States had t ei.T cea.-ed IB be States of the luioU; ti at
ti ey were to-day State? of the Union, emitted to all
tin? rights coull neil upon them by tBS ?.'onstitufion,
?ml li.nt tin-li.'nentl Guvernuient hid no moie power
oV'-r tlein, not .-ranti .1 bv the Constitntion, tlau li bad
over the States of Ne?-England or of IBS WSSt
Mr. SiiEtlAnARoi!? asked whr, If that were so, le
(Mr Hayos?)ka? stat.-.l in deb?te, sesM day? ?go,
that he ?li'juglit the General Goi. ri.r.. i.t !,n,] full" power
un,l pBTtrtTt ritibt to re-june certain conditions in tue
natur.? of gusrantles for tie future.
Mr. Katmi'SP did not couiukr that question as lu
ti.? I'll* of his argument; but lad uo objection to an
?wer it. He consul red that the General floiBIBBBIBI
bad a righi to demand guaranti?? tram tie Eel ?Is in
the natuie of a ?uriender. 'I'boy did ?nrrciidor not only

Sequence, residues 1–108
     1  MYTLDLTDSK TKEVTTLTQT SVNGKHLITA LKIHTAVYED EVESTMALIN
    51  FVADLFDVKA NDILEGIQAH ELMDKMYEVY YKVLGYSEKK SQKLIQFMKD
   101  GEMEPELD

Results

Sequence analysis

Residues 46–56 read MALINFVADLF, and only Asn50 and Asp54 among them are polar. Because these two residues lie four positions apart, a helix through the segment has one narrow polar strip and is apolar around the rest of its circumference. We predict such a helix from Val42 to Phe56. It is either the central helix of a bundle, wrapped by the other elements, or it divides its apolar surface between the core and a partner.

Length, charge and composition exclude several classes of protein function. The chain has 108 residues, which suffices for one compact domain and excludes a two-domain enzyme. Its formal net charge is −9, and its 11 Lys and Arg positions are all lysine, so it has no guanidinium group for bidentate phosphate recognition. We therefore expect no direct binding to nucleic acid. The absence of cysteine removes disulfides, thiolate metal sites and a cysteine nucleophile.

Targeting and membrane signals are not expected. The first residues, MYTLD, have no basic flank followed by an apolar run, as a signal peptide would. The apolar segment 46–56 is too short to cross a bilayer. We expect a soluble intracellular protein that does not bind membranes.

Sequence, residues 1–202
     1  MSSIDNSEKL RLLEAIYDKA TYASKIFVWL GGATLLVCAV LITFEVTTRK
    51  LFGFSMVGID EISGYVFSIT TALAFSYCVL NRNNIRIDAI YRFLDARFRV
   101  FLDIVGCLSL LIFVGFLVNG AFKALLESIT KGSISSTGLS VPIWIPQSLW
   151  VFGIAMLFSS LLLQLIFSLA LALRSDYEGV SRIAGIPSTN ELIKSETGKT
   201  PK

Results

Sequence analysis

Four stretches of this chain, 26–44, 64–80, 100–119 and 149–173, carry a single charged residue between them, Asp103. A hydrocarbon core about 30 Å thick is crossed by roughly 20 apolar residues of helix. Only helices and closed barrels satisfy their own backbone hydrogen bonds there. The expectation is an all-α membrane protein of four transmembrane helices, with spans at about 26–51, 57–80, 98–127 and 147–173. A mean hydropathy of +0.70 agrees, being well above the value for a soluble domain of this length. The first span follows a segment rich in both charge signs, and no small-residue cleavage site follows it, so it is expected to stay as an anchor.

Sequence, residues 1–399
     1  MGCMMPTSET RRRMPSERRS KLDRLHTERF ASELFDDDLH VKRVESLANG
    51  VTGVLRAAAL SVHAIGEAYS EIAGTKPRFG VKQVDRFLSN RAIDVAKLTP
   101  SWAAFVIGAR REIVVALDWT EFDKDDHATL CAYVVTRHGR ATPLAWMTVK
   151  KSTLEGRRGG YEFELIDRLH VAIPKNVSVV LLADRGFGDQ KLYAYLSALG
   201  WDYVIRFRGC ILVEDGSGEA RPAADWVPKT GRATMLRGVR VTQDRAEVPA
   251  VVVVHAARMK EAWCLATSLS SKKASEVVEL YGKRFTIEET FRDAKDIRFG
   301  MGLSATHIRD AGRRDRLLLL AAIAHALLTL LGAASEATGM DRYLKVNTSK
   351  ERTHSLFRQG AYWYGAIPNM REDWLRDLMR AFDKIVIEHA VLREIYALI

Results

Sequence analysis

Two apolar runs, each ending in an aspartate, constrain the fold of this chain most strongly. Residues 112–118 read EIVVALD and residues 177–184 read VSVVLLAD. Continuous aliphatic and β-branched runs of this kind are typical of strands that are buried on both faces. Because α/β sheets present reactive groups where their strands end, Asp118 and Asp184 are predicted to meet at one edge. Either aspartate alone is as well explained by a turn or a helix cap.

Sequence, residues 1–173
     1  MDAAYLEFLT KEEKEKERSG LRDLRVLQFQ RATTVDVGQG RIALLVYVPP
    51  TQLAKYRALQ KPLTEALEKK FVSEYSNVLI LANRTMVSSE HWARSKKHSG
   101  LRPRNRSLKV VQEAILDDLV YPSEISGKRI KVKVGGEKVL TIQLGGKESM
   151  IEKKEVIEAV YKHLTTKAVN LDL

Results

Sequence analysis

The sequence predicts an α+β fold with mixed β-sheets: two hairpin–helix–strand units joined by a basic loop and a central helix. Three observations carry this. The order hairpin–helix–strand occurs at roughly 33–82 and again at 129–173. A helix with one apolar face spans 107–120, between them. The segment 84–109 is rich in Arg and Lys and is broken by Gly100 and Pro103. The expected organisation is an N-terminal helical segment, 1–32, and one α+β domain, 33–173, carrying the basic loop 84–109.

II cn aniisoiid muuitniui of war, but the prindplea ou
which the Rebellion reitcd, and tley were t hot clure en
titled, with certain Uruiiati? ns, to the rights given
tlem by theC,in*tittrlon. So tho Government wns re?
strained by tie Constitution from doing arythitig ti -
ward ilote States which it might not projoerly and
rightly do to'.vard other?. The gentleman (Sheliibarger)
bad token the giound tim: habitual obedience to la?
was eweiitial to the coutlnned al?stenos of u State in
tie view of public law, Bud bad quoted Wl.caton in
support of It. aesumitig, however, tint that bttbitual
?ilwd'en? i mun be uninterrupted. 'Hit hut assump?
tion wui st variance with what wa? laid down by
Wleiton, who ?aid that whatever miy lie Um internal
consttt'itlon or form of s Government, even tloush the
State be distracted with anarchy. It still subsist? a
State in Ihe contemplation of law until ita soverelimt.?
is completely extinguished bv tie final dissolution of
the stici?! ti?? The mer-.? interruption of obi.].?nee ?lid
not extinguish s State. The.o were exampbsiif tin?
all ov.r tie world where habitual obedience to
law was suspend d, aoi.,etimej hy ?nardy, some?
time? by usurp?t: >n. sometime* by civil war.
It was io in the meat French revolution. Some En?
glish publient?, Korke among them, had contended that
the social tie wa? dutolved and that France had ceas, d
to be a State, but it was never so regarded bv 1": irLii.d
or tl.e European coalition. The Mexioau Empire to?